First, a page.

Lanarkshire records drop in overall crime groups
Crime has dropped across Lanarkshire by more than 2,670 fewer incidents according to figures released by Police Scotland today.
Serious assaults are down by more than 30 and there were six fewer homicides.
Housebreakings have dropped by 167 fewer incidents and crimes involving the use of offensive or bladed weapons are down by more than 90.
Recorded incidents of breach of the peace (including stalking) are also down by 577 against the same period last year while indecent sexual assault is up by 36 and there were 49 more incidents of common assault.
Divisional Commander, Chief Superintendent Alan Waddell said: “These latest statistics show the changing policing needs of Lanarkshire’s communities and will form the basis of localised policing plans to address priority areas.
“Online crime is still prevalent across the country and, locally, we have seen 151 more crimes of fraud which our cyber strategy will help us address as well as other crimes being committed in the virtual wold.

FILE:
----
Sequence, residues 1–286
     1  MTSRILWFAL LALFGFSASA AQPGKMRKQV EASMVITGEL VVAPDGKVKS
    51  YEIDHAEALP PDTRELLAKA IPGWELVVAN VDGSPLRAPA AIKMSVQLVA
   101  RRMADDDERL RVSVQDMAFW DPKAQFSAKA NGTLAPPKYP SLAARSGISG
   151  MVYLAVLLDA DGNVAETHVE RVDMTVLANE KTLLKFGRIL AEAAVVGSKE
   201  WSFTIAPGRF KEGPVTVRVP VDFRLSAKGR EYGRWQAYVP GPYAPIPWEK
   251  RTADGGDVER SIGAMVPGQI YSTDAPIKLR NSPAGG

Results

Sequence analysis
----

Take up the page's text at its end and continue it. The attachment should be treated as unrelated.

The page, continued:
“As we head into the festive season our communities can expect to see greater visibility of officers on foot and mobile patrol and I hope the return of resources to the division will help strengthen public reassurance.”
Police Scotland’s Performance Report describes how recorded crime for crime types that typically contain an ‘online element’ – fraud, threats and extortion, communications and image offences, and stalking – have increased by more than 60% since 2018-19.
The report also outlines concerns raised by members of the public through Your Police Survey which received 1,308 responses during 1 July- 30 September including the experiences of women and the harm caused by drugs.
It describes some of the work being undertaking in relation to these matters, including the ThatGuy sexual offending prevention campaign and the test of change during which almost 650 officers volunteered to carry Naloxone which can save lives where someone has overdosed.
The report is published today and will be presented to the Scottish Police Authority Policing Performance Committee on Thursday, 9 December. It will show the demand and challenges experienced in the Contact, Command and Control Division which has led to increased 101 average answer times as emergency 999 calls continue to be prioritised.
Measures have been introduced to manage the ongoing high demand on the non-emergency 101 service including changes to overtime payments for service centre staff. It is anticipated these changes will increase uptake of overtime and further support ability to manage peaks in demand.
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